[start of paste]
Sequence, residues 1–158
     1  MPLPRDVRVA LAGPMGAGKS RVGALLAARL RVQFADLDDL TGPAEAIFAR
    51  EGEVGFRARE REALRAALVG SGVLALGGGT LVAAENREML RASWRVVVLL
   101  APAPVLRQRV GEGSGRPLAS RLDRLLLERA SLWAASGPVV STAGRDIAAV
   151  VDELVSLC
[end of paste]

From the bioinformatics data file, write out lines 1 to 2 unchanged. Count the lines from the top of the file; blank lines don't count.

Sequence, residues 1–158
     1  MPLPRDVRVA LAGPMGAGKS RVGALLAARL RVQFADLDDL TGPAEAIFAR